Kossar's Bialys, the classic Grand Street bakery and one of the last remaining vestiges of the old Lower East Side, must be experiencing a panic attack of something.
They keep changing their signage. Perhaps it's an attempt to appear more modern—a reaction to the flurry of closures of longstanding LES landmarks like Gertel's Bakery. But the result hasn't been a happy one.
For the longest time, the bare-bones store bore a white, translucent, plastic sign with red letters reading "Kossar's Hot Bialys." That's it below (sorry about the numbers; the shot is from the Kossar's website). It wasn't exactly pretty, but it was bold and did the job, and it was right for its neighborhood. So were the two circular neon signs saying "Hot Onion Bialies." Sometime in 2006, they replaced the sign with a crisp brown awning with Kossar's spelled out in graceful letters. It was stylish and suburban-looking; it wasn't Kossar's.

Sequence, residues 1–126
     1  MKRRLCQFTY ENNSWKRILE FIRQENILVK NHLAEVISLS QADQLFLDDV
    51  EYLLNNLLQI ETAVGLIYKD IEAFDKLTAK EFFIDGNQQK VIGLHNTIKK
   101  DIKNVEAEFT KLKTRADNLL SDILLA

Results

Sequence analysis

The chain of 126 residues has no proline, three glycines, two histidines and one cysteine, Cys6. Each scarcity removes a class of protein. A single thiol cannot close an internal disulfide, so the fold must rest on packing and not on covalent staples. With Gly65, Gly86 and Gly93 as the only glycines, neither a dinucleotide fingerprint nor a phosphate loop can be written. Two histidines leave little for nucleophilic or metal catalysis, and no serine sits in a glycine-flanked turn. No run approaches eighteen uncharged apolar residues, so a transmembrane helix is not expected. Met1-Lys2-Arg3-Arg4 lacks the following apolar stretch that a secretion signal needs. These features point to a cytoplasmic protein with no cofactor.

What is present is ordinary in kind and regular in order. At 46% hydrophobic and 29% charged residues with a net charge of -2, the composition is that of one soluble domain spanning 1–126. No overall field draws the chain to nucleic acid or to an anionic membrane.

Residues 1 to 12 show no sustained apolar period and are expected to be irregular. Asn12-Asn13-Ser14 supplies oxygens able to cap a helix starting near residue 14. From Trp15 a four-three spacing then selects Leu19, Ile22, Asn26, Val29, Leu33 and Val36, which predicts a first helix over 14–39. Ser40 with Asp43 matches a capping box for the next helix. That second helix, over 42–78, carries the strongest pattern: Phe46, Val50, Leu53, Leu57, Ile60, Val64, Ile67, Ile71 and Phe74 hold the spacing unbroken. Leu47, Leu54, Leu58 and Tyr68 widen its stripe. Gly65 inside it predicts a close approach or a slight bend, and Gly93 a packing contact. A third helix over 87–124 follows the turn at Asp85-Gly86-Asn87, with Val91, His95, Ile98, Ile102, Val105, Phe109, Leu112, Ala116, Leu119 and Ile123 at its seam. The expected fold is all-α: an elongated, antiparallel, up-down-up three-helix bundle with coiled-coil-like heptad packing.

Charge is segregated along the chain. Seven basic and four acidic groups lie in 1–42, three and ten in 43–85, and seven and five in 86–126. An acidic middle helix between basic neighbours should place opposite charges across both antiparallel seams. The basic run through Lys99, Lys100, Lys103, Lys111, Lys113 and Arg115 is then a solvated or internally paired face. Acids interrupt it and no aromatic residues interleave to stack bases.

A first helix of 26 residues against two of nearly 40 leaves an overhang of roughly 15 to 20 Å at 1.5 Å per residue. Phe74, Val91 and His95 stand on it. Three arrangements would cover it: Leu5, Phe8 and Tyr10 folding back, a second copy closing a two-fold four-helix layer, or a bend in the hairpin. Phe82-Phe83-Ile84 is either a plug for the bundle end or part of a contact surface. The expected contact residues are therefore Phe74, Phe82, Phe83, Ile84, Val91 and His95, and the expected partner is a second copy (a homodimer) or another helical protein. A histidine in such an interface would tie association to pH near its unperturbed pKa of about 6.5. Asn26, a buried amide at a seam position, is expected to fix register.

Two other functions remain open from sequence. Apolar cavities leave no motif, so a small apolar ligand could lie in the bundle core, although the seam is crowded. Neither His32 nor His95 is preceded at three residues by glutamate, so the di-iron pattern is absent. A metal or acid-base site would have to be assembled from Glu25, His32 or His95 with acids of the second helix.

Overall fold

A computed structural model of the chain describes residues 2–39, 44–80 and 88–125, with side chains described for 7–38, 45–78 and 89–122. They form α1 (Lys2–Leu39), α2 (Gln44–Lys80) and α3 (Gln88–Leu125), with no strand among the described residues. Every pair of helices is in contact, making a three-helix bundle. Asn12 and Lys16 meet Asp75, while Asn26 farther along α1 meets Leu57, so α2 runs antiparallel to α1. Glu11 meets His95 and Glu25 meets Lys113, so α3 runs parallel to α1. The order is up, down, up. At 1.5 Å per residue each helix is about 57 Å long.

But it was preferable to this! When did this happen?! Jesus H. Christ, what a God-awful, ugly sign. Green and yellow? Bubble letters casting shadows? It's about as corny and tacky as you can get. And no sign of the old neon circles that I can see. A sad day for signage all around. At least the interior is still pretty much what it always was: a factory where bialys are made.